Posted on January 23rd, 2012 by Rachel
A blog post by Development Coordinator Amy Smith
It is no secret that Jews love Chinese food. Having missed our December 25th program: Chanukah, Christmas, and Everything Chinese, where visitors played mah-jong, made origami, and enjoyed Chinese food while exploring Chosen Food, I was determined to eat Chinese food on Christmas Day. This turned out to be an easy task in Lower Merion, Pennsylvania, where my husband and I spent Christmas Day with his family.
My husband’s cousin and my mother-in-law at Shangri-La Inn, in Bala Cynwyd, PA on Christmas Day.
From family gatherings in Philadelphia, to endless dinners with friends in Baltimore, by mid-January, I had thought that my holiday eating spree was finally coming to an end. That’s when my friend/former bridesmaid, Lingsheng, told me she planned to host a potluck for the Chinese New Year. Knowing nothing about the traditions surrounding the Chinese New Year, I immediately jumped onto Wikipedia and learned that January 23, 2012 begins the year of the Dragon (I was born in the year of the Rabbit). Find out what year you were born in here: http:///www.astrology.com/chinese-astrology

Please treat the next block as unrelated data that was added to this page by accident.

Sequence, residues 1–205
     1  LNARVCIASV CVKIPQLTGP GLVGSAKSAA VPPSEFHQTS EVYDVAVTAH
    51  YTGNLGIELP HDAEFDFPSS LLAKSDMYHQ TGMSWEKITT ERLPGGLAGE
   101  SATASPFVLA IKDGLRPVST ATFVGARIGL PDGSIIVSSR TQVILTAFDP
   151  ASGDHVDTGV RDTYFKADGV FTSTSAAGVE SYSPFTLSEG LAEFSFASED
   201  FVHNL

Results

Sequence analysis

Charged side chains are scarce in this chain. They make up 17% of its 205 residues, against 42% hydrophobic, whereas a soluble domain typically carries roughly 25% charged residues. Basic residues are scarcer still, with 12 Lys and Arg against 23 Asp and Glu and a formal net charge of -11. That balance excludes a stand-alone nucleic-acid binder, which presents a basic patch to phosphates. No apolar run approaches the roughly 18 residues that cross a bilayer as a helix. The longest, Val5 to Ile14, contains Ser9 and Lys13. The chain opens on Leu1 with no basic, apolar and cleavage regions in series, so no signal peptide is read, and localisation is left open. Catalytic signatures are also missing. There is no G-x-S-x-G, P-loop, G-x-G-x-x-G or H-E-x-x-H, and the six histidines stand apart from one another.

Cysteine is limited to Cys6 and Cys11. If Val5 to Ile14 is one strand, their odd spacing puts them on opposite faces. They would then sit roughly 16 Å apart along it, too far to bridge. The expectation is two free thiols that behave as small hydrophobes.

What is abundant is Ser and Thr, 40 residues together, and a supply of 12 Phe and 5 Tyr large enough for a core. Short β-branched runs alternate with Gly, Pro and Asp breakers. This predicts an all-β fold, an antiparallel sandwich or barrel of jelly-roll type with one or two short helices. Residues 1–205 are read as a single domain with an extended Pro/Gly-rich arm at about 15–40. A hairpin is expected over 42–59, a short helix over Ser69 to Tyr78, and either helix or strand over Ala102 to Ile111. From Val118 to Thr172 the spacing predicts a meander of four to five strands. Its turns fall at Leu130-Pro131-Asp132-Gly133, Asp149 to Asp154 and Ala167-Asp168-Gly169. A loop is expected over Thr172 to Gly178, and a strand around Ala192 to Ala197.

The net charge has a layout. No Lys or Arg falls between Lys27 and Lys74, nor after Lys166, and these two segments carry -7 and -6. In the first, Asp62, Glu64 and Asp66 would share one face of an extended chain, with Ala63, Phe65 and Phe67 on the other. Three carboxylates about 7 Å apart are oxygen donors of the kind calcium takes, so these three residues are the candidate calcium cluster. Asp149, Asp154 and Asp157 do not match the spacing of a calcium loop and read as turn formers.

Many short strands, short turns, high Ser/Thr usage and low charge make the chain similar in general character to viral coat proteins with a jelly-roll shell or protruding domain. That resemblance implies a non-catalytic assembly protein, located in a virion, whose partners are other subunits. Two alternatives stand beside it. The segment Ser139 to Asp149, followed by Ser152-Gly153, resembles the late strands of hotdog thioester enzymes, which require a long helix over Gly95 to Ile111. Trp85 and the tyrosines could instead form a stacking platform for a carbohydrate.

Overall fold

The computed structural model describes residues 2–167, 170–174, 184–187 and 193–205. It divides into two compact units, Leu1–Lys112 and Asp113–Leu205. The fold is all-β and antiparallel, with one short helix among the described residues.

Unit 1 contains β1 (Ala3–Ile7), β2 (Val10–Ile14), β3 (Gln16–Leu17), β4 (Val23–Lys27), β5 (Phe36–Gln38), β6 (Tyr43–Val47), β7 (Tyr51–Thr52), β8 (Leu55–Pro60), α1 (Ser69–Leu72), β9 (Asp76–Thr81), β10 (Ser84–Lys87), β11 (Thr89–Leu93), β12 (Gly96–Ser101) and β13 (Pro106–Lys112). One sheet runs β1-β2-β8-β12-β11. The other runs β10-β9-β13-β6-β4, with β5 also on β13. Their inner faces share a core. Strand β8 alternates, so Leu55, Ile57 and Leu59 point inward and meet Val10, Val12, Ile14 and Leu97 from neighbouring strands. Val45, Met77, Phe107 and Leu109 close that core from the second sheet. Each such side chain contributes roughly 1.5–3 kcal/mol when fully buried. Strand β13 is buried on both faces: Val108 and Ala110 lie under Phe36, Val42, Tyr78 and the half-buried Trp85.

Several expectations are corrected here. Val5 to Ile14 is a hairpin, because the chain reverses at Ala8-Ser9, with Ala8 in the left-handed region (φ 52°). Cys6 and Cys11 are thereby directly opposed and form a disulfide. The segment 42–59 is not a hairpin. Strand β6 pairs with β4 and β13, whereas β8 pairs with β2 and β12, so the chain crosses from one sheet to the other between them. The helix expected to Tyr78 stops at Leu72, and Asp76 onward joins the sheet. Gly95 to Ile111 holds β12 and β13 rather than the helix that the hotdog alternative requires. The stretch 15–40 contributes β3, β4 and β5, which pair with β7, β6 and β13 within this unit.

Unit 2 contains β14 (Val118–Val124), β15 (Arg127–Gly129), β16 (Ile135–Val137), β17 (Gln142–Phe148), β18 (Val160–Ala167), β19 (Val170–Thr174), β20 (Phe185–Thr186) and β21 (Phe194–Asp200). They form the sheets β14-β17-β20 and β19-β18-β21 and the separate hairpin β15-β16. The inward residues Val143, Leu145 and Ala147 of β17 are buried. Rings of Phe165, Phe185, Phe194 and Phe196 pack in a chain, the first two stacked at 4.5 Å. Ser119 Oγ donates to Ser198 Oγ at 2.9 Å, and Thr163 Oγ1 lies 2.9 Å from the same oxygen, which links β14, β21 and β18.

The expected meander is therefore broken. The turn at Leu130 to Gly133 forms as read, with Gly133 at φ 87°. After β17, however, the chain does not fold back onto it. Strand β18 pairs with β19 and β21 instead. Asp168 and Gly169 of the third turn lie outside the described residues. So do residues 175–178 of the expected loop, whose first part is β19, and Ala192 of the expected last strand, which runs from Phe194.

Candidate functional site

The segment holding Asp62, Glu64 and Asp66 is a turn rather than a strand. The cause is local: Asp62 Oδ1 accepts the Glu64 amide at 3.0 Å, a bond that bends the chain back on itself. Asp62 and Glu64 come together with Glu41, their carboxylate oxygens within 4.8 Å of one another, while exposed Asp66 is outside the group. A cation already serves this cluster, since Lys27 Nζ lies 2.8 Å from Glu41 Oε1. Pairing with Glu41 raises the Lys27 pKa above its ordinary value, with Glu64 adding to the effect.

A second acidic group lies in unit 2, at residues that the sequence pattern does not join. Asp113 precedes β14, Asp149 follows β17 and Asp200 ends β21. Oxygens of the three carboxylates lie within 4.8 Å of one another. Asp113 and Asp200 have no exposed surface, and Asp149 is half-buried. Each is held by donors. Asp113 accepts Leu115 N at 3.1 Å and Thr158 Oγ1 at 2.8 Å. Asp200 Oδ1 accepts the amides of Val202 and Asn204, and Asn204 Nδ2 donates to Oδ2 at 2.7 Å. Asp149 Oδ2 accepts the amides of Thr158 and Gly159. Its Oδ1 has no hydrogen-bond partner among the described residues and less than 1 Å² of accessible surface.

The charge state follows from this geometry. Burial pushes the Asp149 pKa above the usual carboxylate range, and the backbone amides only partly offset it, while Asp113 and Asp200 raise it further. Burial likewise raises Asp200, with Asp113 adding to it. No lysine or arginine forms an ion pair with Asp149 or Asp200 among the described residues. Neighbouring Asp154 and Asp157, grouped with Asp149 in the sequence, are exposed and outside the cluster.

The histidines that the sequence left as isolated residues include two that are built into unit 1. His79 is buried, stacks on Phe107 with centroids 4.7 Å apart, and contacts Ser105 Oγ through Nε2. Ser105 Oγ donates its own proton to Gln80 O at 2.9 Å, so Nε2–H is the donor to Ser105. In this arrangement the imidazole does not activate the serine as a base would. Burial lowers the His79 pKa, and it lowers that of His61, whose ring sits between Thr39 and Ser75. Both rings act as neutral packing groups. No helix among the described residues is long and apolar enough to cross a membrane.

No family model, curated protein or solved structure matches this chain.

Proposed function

Though the potluck was in celebration of the upcoming Chinese New Year, guests were told that we did not have to cook Chinese food. When we got there, there was an impressive array of international dishes, from vegetarian and chicken fried rice to Japanese tofu curry to penne with fresh mozzarella, basil, and tomatoes.
Chinese New Year potluck on January 21, 2012 at the apartment of Lingsheng Li.
Like many parties, the evening consisted of schmoozing with friends, eating and drinking good food, and playing games. However, a few elements made this celebration different from others. First, guests were encouraged to wear red, a color that is supposed to ward off bad fortune. Second, the hosts served tangerines for dessert, a symbol of luck. And finally, guests were given red packets filled with candy as a party favor.
Party guests wear red to scare away evil spirits.
Mandarin oranges or tangerines are served during the Chinese New Year, as they symbolize luck.
Red envelopes filled with money are typically given to children.
While I chatted with Lingsheng in the kitchen, a sticker on her wall caught my eye. It said – “Love People: Cook them tasty food.” As I think back on all the holiday meals with family and friends, I realize this is the element that ties them all together. In both the Chinese and Jewish traditions, food is an expression of love. And in our case, food crosses cultural boundaries and has the ability to bring people together.
Lingsheng cooking fried rice in her kitchen.